That I Might Rid My Garments of Your Blood – Mosiah 2:27-28

27 Therefore, as I said unto you that I had served you, walking with a clear conscience before God, even so I at this time have caused that ye should assemble yourselves together, that I might be found blameless, and that your blood should not come upon me, when I shall stand to be judged of God of the things whereof he hath commanded me concerning you.
28 I say unto you that I have caused that ye should assemble yourselves together that I might rid my garments of your blood, at this period of time when I am about to go down to my grave, that I might go down in peace, and my immortal spirit may join the choirs above in singing the praises of a just God.
(Mosiah 2:27-28)

accountable – Required or expected to justify actions or decisions; responsible
(Oxford Dictionary)

Central to the definition of accountability is the obligation, at some future time, to account for one’s actions. For example, speaking to the young people of the Church earlier this month, President Russell M. Nelson explained why he was so anxious to enlist their help in the gathering of Israel:

Think of this, my dear young brothers and sisters, right now I am preparing for the day when I will be required to give an accounting to the Prophet Joseph Smith, to President Brigham Young, and others—and ultimately to the Lord—about my stewardship as God’s prophet upon the earth today. I do not want to be asked, “Brother Nelson, why were you not more clear with the youth about their part in gathering Israel? Why were you not more bold in enlisting them to participate?”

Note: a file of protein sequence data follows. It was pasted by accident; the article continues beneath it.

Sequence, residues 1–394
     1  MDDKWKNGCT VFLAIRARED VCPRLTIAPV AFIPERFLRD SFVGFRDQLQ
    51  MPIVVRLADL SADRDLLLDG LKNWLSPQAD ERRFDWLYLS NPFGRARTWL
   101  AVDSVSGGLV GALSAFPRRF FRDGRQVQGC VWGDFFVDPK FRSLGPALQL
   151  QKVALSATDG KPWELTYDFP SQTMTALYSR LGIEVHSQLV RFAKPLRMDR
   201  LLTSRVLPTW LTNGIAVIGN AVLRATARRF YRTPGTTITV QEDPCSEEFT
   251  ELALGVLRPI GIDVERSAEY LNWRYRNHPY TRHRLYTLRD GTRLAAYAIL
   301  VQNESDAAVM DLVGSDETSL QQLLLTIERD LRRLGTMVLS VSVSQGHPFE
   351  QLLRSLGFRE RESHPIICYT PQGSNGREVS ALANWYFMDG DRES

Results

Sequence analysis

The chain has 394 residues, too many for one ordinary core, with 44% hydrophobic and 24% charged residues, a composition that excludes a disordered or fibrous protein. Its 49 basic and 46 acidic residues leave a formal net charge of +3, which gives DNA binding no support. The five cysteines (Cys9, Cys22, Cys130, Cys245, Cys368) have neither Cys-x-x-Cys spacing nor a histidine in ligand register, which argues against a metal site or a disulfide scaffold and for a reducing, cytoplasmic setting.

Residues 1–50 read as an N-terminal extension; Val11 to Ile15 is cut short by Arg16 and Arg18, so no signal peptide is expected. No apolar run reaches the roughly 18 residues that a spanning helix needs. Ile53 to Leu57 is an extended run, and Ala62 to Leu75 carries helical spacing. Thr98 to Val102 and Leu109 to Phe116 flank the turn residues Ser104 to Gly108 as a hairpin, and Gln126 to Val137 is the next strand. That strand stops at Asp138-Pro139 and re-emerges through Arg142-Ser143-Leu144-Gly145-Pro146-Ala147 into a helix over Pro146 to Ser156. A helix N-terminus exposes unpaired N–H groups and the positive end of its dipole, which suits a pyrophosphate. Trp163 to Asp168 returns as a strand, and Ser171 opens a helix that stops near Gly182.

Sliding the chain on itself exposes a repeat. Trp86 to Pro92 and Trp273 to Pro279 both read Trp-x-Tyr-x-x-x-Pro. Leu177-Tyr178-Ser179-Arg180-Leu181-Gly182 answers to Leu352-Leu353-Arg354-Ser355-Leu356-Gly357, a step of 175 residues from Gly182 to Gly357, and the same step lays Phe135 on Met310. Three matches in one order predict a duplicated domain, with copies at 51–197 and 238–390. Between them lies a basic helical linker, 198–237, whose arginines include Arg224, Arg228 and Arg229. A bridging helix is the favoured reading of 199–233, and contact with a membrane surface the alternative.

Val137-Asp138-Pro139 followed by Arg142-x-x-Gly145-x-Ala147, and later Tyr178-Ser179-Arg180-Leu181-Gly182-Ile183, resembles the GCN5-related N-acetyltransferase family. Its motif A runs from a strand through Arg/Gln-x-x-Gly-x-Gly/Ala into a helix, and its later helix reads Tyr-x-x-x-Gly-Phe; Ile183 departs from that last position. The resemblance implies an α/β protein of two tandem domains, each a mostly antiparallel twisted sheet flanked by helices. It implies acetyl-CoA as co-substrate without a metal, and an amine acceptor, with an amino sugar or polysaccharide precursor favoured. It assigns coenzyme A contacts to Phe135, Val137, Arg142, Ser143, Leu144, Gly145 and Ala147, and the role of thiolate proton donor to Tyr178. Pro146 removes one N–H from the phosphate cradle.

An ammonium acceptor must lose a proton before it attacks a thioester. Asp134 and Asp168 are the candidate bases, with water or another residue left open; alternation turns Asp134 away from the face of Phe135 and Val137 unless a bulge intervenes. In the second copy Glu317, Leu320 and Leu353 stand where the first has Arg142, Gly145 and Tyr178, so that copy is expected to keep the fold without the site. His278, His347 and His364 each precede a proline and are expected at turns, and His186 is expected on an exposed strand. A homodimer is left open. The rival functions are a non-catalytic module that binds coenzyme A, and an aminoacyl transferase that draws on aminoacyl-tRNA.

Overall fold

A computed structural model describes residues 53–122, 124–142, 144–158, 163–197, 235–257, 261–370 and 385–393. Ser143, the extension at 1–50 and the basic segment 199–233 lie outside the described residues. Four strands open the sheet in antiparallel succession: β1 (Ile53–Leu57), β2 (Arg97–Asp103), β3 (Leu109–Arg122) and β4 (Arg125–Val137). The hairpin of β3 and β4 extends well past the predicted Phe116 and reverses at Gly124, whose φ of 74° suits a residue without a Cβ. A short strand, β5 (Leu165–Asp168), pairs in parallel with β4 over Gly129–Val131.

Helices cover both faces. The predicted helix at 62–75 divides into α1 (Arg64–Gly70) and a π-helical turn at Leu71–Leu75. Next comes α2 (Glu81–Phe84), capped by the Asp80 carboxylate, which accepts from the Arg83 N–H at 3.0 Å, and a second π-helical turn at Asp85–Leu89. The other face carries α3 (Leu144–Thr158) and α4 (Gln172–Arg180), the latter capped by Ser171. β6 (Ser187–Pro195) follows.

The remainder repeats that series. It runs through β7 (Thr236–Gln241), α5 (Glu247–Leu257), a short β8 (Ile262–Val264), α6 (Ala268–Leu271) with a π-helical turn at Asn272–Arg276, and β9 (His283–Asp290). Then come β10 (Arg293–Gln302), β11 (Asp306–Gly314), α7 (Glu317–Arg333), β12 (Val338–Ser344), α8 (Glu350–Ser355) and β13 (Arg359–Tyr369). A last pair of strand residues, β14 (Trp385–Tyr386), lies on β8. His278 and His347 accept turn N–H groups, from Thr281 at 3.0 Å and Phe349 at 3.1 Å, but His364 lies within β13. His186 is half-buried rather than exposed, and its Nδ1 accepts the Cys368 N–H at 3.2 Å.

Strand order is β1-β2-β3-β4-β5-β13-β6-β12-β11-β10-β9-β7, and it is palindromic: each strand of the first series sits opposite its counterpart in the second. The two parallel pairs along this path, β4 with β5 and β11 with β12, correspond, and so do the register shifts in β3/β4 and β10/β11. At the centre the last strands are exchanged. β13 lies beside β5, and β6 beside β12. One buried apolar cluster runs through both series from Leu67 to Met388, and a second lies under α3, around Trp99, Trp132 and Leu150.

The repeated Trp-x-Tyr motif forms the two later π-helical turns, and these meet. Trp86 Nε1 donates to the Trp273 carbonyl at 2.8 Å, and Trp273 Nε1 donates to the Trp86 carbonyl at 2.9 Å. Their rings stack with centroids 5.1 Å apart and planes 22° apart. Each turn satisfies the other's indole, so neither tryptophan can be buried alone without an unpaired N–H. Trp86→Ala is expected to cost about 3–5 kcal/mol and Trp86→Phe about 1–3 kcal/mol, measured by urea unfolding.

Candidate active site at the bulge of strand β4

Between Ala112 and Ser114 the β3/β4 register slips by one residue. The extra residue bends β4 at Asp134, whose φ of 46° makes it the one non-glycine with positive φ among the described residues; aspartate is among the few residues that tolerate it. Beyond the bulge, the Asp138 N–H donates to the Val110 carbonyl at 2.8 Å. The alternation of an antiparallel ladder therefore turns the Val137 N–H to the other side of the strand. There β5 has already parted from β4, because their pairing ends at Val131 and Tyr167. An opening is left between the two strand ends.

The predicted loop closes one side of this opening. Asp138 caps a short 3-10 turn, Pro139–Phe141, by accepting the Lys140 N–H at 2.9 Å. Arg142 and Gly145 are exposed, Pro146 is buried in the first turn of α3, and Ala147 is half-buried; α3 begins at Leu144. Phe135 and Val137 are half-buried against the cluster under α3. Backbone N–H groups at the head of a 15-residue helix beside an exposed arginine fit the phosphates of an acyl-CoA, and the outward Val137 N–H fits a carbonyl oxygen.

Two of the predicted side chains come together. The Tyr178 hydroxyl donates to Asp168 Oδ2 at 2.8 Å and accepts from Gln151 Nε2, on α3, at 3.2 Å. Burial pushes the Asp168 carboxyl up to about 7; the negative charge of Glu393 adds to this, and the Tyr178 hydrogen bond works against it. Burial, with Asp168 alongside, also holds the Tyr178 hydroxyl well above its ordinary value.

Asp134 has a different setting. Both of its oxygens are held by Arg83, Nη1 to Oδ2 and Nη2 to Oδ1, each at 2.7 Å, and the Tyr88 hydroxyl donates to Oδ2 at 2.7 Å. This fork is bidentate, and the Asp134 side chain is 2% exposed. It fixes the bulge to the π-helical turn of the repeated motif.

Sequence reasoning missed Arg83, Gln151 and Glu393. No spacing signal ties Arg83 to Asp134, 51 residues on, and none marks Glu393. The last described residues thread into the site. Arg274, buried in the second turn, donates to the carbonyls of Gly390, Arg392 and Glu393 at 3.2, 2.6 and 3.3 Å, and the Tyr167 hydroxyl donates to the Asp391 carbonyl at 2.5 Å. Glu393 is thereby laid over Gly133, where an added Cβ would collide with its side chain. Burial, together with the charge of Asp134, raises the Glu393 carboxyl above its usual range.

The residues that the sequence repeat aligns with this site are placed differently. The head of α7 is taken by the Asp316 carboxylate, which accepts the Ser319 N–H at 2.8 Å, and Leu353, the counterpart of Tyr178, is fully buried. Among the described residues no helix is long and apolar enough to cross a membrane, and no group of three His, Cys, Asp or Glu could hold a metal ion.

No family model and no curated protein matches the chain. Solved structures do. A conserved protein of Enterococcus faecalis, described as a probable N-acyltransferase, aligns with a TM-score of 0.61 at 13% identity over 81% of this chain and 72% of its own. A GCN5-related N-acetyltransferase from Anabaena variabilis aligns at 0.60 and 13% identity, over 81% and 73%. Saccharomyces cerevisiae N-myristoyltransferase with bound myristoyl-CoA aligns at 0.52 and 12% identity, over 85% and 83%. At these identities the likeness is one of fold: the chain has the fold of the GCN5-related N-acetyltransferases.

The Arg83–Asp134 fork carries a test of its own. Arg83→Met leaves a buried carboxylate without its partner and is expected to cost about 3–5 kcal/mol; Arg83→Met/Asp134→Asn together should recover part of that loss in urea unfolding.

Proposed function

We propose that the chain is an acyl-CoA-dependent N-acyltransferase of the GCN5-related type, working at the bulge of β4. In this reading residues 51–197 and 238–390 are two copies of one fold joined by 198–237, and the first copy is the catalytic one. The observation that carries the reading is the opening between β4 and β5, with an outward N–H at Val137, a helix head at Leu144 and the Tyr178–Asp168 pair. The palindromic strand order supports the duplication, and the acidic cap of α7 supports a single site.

So, now I am inviting every young woman and every young man between the ages of 12 and 18 in The Church of Jesus Christ of Latter-day Saints to enlist in the youth battalion of the Lord to help gather Israel.
(“Hope of Israel,” Worldwide Youth Devotional, 3 June 2018)

At work, in my church callings, and in my community responsibilities, I have found that I am more diligent and conscientious when I am aware that I will have to account for my decisions and actions. For example, at work, we are going to begin holding mid-year review meetings beginning next Monday. Knowing that I will be required to speak about my contributions to my employer during the first six months of the year motivates me to contribute meaningfully so that I can approach that conversation with confidence.

Like President Nelson, King Benjamin was aware that he would one day stand before God and have to account for his actions as a leader of his people. As he tells them in the passage above, he called them together at the end of his life to give them words of counsel, so that he could go to his grave in peace. He tells them that his goal is to “rid [his] garments of [their] blood.” What does that mean? As we read yesterday, a parent is at least partially culpable when their children follow their bad examples. Likewise, a spiritual leader bears some of the blame for their followers’ bad choices if they have not taught them clearly right from wrong. (See Jacob 1:19.) Benjamin wanted to be sure that he had fulfilled his responsibility as a leader before standing in God’s presence. He did not want the sins of the people attached to him like a stain because he hadn’t done enough to teach them.

Today, I will remember my accountability to God for my own actions and also for my leadership responsibilities. I will remember the inevitability of a future meeting with Him in which I will have to answer for my actions. Like King Benjamin and like President Nelson, I will strive to be the best parent and leader I can be so that I will be prepared for that future meeting.

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